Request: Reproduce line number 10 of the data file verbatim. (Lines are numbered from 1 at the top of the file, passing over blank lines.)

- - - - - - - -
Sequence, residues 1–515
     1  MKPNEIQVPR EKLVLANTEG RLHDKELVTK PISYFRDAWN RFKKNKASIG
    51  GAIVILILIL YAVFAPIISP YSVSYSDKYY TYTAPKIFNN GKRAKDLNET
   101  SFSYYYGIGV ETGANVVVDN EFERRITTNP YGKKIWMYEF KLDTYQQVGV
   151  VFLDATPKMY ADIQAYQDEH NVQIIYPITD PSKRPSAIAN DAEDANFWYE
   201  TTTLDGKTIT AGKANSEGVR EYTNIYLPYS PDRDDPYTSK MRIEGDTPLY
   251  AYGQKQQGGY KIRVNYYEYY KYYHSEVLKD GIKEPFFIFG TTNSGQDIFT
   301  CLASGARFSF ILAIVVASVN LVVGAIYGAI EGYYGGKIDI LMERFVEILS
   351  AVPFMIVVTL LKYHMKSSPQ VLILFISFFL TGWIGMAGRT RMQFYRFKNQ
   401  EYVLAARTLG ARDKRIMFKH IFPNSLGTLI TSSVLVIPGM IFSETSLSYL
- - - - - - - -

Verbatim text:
   401  EYVLAARTLG ARDKRIMFKH IFPNSLGTLI TSSVLVIPGM IFSETSLSYL